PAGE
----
August 12, 2005

#188: You don't know it's a bubble 'till afterward...

P. Krugman


In Safe as Houses (08/12/05) Paul Krugman takes another shot at the U.S. housing “bubble,” apparently forgetting that bubbles are defined after they burst, not before. The trail of “predicting bubble bursts” is littered with some pretty distinguished corpses. The most famous, perhaps, is Fed Chairman Alan Greenspan and his “irrational exuberance” speech concerning the stock market in late 1996. At the time the Dow Jones Industrial average was only 60 percent of what it is today. In another case Professor Robert Shiller of Yale University wrote a book in 2000 entitled “Irrational Exuberance.” Even though he “got it right” in the sense that the stock market bubble did burst shortly after his book appeared, people forget that this was Shiller’s third bite at the apple. He had predicted stock market bursts twice before–once in the early 90s and again in the mid 90s. Perhaps Krugman has a similar strategy. Like the stopped clock that is always right twice a day–if you just keep at it your time will come.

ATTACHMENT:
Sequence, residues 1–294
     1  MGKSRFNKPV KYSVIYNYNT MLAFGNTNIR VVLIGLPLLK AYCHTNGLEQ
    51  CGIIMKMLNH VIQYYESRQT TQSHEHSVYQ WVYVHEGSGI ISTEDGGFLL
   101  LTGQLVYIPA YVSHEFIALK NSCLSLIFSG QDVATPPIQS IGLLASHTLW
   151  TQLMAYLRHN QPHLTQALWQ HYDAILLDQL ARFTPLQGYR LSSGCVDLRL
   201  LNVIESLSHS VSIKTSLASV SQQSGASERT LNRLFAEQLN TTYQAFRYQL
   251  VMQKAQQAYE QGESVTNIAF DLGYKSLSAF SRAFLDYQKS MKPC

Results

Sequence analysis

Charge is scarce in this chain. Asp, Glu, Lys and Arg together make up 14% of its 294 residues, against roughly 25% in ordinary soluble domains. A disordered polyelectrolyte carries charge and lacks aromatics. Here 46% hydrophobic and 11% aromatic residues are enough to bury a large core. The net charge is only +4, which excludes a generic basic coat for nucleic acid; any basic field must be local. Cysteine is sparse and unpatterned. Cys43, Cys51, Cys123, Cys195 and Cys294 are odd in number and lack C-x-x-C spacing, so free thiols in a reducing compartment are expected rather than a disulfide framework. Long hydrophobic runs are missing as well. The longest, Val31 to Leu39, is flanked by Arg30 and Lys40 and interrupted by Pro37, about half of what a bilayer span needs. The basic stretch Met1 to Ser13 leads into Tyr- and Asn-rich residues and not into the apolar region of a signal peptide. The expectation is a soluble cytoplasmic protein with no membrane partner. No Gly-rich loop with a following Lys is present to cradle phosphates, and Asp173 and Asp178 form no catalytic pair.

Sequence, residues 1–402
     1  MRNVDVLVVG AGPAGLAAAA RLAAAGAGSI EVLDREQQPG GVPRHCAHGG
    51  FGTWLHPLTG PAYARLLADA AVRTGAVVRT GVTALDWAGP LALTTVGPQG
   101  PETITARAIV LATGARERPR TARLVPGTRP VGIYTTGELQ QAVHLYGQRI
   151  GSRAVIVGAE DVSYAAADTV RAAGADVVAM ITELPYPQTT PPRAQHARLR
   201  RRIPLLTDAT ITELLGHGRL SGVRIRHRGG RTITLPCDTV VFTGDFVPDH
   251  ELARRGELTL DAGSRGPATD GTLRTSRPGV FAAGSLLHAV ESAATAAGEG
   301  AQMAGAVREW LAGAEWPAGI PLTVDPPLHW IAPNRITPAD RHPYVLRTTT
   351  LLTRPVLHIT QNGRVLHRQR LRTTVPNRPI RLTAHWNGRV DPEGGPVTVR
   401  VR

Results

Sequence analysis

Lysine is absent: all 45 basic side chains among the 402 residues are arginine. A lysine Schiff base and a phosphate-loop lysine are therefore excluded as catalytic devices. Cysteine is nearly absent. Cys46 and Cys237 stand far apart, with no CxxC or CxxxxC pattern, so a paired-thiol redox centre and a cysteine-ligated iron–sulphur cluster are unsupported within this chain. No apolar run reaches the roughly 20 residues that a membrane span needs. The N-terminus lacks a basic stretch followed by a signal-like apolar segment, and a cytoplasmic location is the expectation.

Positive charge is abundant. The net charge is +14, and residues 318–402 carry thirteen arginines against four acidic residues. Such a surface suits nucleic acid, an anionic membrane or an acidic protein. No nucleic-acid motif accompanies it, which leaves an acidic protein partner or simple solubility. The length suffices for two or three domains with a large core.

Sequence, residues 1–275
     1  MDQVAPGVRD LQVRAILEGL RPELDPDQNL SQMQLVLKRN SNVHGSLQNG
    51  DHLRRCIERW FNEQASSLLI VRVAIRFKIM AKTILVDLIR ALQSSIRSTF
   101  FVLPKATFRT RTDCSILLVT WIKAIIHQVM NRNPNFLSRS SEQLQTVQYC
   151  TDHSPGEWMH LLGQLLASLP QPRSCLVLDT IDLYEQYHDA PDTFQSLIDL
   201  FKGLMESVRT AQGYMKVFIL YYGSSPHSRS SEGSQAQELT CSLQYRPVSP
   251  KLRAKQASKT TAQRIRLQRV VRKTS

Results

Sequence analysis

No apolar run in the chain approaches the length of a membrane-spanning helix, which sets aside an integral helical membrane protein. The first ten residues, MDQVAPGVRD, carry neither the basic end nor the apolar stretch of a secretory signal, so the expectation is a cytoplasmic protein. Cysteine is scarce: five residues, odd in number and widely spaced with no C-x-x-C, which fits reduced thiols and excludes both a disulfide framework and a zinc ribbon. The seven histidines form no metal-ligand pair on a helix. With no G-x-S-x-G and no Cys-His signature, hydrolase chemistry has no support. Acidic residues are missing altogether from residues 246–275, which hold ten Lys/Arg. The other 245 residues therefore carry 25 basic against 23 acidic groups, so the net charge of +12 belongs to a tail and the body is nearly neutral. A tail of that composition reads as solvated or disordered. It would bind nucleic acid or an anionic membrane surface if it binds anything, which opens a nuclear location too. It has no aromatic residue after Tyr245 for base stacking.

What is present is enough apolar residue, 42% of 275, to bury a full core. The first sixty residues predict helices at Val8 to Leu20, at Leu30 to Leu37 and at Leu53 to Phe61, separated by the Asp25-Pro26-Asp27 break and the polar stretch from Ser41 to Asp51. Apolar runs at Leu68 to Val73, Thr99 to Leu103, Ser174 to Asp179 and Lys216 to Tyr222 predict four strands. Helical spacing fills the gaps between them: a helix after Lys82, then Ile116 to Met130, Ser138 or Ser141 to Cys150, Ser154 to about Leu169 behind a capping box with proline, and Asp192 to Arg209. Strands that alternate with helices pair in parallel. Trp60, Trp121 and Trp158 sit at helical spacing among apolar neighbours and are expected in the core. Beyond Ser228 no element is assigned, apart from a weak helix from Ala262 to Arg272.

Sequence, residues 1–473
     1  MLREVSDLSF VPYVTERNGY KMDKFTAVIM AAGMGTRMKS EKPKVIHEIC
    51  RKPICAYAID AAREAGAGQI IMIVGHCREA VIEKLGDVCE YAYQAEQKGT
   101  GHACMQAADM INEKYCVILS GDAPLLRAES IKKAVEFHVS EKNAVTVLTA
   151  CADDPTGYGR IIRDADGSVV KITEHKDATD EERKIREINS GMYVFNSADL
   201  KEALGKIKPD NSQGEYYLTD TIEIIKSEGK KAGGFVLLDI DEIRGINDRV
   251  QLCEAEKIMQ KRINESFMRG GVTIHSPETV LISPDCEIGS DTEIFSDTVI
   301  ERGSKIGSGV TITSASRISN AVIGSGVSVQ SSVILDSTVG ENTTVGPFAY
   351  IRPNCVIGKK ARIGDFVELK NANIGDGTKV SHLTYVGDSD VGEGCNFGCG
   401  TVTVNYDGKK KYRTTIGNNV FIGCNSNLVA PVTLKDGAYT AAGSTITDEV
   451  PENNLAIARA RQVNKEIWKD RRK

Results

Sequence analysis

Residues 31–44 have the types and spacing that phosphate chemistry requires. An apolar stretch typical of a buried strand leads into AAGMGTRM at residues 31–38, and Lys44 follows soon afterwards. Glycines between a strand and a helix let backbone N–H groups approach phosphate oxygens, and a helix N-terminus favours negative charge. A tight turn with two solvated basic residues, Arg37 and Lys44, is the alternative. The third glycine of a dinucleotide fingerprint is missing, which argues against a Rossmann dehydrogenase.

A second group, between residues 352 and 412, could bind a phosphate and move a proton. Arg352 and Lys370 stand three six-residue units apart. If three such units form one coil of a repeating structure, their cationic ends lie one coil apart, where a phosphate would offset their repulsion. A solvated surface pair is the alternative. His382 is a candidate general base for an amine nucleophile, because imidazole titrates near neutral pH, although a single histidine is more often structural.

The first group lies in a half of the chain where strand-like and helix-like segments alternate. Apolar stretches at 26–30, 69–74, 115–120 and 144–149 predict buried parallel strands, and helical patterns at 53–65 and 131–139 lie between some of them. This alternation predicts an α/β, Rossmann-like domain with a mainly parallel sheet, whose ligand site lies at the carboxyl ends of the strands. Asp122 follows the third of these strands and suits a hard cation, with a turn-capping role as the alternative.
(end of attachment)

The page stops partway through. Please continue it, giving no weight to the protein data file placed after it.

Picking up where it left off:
We have no idea if he’s right or not about a housing bubble. But if his track record on other scare stories is any guide (remember the many “deflation” and then “stagflation” columns) we doubt it.

One other thing is bugging us that Krugman mentions again today (and the NY Times editorial page recites like a mantra). They keep claiming that this recovery is deficient because the recovery data are weaker than in most other post-war recoveries. Well, of course they are! It’s because they follow the shallowest recession in the post-war period. If you want to see strong recovery data, you need a deep recession first. Is there anyone on the planet who finds this surprising?

[The Truth Squad is a group of economists who have long marveled at the writings of Paul Krugman. The Squad Reports are synopses of their discussions. ]

Posted by John Weidner at August 12, 2005 11:00 AM
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